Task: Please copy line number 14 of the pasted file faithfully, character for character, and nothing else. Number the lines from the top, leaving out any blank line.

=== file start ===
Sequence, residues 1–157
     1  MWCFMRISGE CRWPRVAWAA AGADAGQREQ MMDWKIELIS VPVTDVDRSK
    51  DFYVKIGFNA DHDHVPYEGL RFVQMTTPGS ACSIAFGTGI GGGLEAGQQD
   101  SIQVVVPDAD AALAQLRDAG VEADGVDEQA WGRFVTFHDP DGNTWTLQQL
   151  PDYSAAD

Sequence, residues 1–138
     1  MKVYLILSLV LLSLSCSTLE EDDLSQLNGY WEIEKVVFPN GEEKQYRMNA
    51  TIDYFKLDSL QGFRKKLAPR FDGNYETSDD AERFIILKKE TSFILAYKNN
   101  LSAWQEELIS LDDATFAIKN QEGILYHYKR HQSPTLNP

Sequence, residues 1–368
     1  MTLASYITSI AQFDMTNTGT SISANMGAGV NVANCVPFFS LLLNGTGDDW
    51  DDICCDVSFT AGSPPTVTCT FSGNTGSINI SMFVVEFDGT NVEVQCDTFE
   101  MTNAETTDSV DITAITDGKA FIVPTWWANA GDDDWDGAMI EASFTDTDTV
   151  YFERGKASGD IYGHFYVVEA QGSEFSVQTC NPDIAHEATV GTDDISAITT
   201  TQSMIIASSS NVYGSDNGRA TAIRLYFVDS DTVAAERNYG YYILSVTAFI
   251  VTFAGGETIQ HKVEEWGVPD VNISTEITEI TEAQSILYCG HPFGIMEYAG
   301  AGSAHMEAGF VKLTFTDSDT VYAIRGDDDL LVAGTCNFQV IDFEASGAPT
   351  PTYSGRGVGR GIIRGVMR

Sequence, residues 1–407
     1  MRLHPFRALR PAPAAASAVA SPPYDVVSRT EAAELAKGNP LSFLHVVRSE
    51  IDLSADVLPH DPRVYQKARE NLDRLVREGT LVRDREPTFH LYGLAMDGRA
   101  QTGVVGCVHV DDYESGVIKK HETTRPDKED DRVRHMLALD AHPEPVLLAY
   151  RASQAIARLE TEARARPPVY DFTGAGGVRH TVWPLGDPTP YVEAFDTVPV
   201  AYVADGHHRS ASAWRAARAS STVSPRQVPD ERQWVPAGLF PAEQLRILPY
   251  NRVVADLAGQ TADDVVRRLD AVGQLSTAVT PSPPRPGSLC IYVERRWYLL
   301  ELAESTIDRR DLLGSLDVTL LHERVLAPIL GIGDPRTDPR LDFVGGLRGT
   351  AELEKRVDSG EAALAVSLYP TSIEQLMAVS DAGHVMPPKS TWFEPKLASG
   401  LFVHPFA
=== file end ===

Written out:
   151  YFERGKASGD IYGHFYVVEA QGSEFSVQTC NPDIAHEATV GTDDISAITT